Impact drivers are creating a lot of buzz on the internet these days, and I’m sure a common debate is forming in thousands of households across the country; “Honey, I could really use an impact driver for the shop”… “Don’t you already have a big fancy cordless drill?” “Yes, but these are different, and I can’t go on living without one.”
Let’s sort out the differences between traditional cordless drills and impact drivers, so that woodworkers everywhere can prepare for this potential dialog in their own home.
An impact driver combines much higher rotational torque than traditional drills, with fast paced rotational tapping (not to be confused with hammer drills with deliver tapping from the rear to help power through concrete and other hard materials) which serves to nudge the fastener along while keeping the screw tip in place without spinning out of the slots. To understand this better, picture a wrench placed securely onto a bolt, and a hammer tapping it to give it some additional power as it turns the bolt. It essentially does what you intuitively do when you are driving a long screw and the goin’ starts to get tough. You stop the constant drilling, and start bumping the trigger and letting go to give the screw a bit more “umph”. This approach works to an extent, but the human reflex is only able to do about one bump per second, while an impact driver can deliver about 50 bumps per second. You might ask, “Don’t all those bumps make for a rough ride?” Well, think about driving down a rough road in a car. If you go slow it feels bumpy, but at high speeds, it just turns into a loud hum. An impact driver feels smooth in spite of all that bumping, but you do hear a loud hum as a result of all those impacts. Loud enough that you will want to wear ear protection if you are driving a lot of screws. Also loud enough that it will make you unpopular if you do a demonstration for your friends in a quiet office setting (yes, there is a story there).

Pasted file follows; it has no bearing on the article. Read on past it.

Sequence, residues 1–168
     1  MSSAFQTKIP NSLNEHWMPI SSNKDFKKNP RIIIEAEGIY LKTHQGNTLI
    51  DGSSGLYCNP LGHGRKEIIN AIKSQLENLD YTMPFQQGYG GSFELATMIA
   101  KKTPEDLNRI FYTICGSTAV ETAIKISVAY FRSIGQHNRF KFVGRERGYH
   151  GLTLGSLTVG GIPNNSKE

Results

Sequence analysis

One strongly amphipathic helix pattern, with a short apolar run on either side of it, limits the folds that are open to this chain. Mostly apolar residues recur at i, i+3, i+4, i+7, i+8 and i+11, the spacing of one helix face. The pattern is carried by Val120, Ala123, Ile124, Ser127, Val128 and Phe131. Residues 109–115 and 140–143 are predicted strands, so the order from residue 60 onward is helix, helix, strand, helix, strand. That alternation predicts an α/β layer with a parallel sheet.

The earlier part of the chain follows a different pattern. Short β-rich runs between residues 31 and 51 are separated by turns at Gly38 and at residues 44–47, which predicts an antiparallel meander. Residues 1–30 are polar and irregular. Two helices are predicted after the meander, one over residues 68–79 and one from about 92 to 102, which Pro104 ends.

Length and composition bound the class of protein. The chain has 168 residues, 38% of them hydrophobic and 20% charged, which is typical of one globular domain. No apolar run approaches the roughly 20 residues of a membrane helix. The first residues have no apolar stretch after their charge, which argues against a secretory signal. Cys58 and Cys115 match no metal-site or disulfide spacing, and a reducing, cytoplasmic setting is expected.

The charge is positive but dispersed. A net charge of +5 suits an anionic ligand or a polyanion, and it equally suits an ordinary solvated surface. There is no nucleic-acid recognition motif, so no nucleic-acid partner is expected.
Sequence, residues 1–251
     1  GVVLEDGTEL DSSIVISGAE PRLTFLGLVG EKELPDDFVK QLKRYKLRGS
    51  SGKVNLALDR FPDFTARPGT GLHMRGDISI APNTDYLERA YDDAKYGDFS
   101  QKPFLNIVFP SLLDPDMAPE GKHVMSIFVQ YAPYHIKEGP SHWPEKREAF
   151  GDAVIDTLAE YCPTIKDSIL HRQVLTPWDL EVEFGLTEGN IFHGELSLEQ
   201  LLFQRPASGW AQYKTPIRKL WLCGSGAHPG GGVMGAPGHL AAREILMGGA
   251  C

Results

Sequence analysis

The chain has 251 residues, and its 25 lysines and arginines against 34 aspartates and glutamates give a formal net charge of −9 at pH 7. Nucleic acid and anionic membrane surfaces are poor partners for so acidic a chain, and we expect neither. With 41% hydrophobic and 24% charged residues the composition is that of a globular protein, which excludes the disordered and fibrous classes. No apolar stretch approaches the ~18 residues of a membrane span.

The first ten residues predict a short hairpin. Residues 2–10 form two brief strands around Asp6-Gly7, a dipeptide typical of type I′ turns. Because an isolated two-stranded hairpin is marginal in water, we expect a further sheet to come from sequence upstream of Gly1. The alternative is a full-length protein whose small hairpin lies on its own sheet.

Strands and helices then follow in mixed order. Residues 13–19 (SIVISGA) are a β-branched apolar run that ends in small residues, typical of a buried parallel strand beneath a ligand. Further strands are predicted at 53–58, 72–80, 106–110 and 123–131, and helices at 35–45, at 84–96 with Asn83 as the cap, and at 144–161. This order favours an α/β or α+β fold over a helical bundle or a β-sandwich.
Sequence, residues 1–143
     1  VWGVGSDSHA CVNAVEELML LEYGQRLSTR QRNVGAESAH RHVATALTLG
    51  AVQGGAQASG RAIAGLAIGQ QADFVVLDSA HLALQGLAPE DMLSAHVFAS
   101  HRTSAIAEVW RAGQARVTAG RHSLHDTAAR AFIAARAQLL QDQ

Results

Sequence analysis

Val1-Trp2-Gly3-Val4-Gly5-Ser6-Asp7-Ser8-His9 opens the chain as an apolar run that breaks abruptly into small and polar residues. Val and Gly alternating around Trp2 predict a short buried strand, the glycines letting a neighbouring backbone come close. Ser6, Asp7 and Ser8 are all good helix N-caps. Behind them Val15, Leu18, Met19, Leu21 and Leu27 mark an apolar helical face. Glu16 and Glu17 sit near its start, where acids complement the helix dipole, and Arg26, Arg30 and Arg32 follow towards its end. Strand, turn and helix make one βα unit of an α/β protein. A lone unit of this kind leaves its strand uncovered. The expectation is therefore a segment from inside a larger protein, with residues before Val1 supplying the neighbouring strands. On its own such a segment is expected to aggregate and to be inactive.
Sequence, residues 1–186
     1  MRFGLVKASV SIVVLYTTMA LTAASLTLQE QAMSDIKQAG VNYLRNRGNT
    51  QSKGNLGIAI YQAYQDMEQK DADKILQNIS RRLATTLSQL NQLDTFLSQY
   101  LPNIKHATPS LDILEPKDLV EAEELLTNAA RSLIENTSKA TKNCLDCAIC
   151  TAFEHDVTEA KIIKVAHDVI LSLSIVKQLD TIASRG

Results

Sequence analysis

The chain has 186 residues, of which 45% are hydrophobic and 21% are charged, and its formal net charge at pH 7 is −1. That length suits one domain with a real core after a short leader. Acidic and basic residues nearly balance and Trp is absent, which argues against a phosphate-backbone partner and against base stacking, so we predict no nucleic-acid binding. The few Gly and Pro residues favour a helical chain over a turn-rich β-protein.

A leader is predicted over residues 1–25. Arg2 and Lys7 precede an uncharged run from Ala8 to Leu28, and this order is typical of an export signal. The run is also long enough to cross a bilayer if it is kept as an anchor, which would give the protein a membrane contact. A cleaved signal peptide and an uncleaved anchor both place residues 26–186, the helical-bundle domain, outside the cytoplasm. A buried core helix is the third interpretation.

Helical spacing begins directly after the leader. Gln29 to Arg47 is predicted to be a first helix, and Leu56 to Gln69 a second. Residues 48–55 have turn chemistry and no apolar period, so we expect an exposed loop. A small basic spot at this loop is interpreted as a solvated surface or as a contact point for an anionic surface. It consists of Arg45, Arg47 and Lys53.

Where does an impact driver fit in a woodworking shop?
Woodworkers use drills for a combination of drilling holes and driving fasteners. Some of the work is lightweight, and some requires some brute force. Although I prefer building fine furniture with nearly invisible fasteners, I find myself driving long sheet rock screws on many projects in the shop, and that’s what the impact driver does best. For installing cabinets, building shop furniture, theater set construction, framing anything with dimensional lumber, or building a deck, the impact driver will be your new best friend.
But, an impact driver won’t replace your drill, and there are a few reasons why. Due to the extreme torque that is delivered by an impact driver vs. a drill, the impact drivers feature a hexagonal chuck design that doesn’t allow the shank to spin in the chuck when it is under load. This is a nice feature for driving fasteners, but I am not ready to discard the 200 or so round shank drill bits that I have accumulated over the years. So, if I want the ability to drive screws using my drill bit collection, and have the ability to drive fasteners without stripping the head or straining myself, I am going to need both. (You may have seen that coming.)
Another reason an impact driver won’t replace your drill is that most impact drivers do not provide a clutch, which is their primary downside in my view. Regarding the clutch, the tradeoff is length and weight. A keyless chuck adds a bit of mass and (more importantly) length to a drill, which can make it an unwieldy fit in tight spaces. The impact drivers are noticeably shorter, so you can get them into places where your cordless drill doesn’t have a chance. There are impact drivers on the market with a clutch, but they are quite a bit more expensive, and much longer than those without, and current generation designs do not allow the clutch to be used when the impact feature is engaged. So, it’s either a clutched drill, OR an impact driver, but not both at the same time. The optimal approach is to use a cordless drill with a clutch to drive lighter weight fasteners where a feather touch is important, and pull out the impact driver when you need the additional torque.
When it comes to changing bits, the hex chucks on impact drivers are impressive. Just slide the outer ring forward, drop in the bit, let it slide back and it is locked and loaded. Very nice design.